Prosecutorial Misconduct

A Washington Post article today points out that in many cases over the past several decades, federal prosecutors knew that the evidence against a defendant was flawed because the science upon which the conviction had relied was not reliable – yet the prosecutors failed to notify the defendants or their attorneys of the problems.

The article notes that the forensic evidence – including hair identification evidence, which is now regarded as generally unreliable — led to hundreds of convictions of defendants, nationwide, for crimes they may well not have committed. In these cases, the convicts are entitled at the very least to a DNA test, which would in most cases determine their guilt or innocence. In one case, a man was executed in Texas even after the Justice Department began its review of convictions based on evidence that was not supported on solid scientific grounds.

All told, the Post found that the Department disclosed the results of these reviews to the defendants or their attorneys in fewer than half of the more than 250 cases in which questions had arisen about the forensic evidence.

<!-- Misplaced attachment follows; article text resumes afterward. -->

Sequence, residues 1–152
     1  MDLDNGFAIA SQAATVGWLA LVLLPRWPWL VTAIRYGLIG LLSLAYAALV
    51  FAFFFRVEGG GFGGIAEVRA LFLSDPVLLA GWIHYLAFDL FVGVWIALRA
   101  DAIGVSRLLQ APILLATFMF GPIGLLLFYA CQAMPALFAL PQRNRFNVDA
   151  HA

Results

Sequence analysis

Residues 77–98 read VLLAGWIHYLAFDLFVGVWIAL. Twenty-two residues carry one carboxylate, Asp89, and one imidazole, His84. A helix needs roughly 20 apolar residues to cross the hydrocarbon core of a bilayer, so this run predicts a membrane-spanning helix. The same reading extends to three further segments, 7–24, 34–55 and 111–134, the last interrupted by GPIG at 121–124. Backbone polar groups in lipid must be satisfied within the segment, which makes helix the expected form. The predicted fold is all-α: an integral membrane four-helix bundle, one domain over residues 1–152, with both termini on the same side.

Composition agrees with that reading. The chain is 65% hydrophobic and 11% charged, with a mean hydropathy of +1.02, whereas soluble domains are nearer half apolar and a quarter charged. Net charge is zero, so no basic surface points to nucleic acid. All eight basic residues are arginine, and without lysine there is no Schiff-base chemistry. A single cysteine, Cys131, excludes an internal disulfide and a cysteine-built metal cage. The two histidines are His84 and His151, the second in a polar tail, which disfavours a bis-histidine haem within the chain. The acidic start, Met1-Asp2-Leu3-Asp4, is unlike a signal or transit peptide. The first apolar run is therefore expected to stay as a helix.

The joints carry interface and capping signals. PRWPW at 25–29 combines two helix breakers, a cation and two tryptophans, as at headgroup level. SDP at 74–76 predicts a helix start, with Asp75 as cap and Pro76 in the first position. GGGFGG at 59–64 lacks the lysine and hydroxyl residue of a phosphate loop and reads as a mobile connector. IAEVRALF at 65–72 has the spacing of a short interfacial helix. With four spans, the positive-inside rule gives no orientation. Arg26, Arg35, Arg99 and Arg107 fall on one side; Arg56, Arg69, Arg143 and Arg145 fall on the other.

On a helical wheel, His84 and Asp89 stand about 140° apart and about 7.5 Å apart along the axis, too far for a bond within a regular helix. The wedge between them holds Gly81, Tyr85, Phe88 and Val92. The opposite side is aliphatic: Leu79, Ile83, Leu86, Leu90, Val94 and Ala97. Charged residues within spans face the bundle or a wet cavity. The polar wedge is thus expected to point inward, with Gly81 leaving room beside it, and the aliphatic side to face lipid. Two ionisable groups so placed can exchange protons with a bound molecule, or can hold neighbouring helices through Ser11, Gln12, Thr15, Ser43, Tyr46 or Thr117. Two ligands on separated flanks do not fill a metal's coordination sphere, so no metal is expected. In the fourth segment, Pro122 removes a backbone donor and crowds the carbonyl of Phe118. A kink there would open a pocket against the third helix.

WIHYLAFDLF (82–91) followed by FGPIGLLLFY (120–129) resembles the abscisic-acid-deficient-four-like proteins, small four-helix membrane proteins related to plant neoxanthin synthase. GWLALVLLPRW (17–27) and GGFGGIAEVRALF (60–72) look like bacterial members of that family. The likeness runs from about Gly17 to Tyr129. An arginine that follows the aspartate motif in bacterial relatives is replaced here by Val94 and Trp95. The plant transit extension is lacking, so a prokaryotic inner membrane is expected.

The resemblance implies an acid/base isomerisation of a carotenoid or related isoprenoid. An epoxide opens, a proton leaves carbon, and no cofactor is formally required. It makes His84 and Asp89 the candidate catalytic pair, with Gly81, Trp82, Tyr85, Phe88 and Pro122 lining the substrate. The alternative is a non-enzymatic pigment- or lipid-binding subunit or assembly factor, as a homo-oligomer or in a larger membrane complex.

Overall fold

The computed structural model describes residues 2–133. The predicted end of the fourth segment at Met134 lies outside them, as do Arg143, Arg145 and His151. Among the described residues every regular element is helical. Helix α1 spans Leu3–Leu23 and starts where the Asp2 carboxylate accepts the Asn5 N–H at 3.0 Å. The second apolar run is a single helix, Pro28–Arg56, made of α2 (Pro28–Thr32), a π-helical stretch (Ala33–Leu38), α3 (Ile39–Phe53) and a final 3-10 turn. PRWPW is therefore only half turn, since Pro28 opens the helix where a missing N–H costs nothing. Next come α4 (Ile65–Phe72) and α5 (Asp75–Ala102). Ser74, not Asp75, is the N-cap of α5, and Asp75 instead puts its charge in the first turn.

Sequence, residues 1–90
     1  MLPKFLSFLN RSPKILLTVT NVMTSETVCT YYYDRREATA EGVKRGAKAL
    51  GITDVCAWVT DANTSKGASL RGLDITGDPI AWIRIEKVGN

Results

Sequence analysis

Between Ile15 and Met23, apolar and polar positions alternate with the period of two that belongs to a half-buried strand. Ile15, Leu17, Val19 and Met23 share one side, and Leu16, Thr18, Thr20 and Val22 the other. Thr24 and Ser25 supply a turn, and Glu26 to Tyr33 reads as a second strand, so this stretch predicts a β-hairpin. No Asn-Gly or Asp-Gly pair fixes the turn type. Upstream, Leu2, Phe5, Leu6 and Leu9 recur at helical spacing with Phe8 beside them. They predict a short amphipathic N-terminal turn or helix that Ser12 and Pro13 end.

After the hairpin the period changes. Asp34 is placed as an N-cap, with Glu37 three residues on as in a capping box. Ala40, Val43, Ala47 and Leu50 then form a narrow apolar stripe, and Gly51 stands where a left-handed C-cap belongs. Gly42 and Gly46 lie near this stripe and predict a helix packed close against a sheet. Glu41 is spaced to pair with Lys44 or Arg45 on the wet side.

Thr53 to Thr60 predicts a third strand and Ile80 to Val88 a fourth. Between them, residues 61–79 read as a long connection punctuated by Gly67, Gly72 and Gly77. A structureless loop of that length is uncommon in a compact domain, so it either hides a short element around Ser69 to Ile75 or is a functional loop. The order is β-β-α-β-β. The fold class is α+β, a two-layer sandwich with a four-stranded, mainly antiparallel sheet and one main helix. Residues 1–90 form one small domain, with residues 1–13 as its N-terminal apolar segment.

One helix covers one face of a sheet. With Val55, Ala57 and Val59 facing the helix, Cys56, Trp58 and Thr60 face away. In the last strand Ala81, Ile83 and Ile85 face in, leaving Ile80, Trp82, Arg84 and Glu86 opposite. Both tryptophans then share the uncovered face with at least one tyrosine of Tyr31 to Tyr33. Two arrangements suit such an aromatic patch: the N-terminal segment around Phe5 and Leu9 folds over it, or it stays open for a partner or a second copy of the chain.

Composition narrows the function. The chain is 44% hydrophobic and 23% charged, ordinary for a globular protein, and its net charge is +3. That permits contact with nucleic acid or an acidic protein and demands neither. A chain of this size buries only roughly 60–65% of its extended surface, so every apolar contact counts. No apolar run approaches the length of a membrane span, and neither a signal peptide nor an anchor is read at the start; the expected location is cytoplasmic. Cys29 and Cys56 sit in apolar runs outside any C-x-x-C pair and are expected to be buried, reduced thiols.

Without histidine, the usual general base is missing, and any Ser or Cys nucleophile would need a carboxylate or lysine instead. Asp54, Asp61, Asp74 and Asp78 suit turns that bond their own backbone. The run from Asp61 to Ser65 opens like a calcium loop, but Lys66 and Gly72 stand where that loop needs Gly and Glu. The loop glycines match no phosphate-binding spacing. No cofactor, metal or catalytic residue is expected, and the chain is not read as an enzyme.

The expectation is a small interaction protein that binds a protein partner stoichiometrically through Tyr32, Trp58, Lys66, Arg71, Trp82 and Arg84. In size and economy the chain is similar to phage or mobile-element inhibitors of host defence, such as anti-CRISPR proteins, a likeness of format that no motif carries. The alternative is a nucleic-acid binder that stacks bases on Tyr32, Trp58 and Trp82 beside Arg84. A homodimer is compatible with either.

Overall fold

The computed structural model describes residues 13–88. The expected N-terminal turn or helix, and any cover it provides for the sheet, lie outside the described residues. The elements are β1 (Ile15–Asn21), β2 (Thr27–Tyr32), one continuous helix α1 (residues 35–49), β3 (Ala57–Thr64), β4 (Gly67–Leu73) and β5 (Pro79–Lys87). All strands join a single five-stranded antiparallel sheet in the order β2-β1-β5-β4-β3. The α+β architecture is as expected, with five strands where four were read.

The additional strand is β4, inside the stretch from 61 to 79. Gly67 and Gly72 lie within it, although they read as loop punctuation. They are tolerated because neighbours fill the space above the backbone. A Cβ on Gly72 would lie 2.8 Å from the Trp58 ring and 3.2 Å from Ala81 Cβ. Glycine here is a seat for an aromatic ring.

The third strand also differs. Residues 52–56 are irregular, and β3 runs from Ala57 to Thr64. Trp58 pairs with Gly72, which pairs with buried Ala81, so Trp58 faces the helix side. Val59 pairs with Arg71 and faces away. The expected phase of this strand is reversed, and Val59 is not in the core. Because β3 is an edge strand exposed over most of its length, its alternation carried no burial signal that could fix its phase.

It is truly unfortunate that it took an investigative reporting effort by a newspaper to uncover these clear failures by prosecutors to do justice, which is the first obligation of any government lawyer.

Looking at this, the Ted Stevens case, and other recent prosecutorial problems, it’s hard to avoid the conclusion that the Justice Department isn’t going to admit its errors or revisit its acknowledged problems unless its feet are put to the fire.

Journalists, bloggers, defense lawyers, whistle-blowers, and others all need to be aware of the department’s tendencies to make only the most perfunctory self-evaluations and to insist that it is right and just, even when it is not.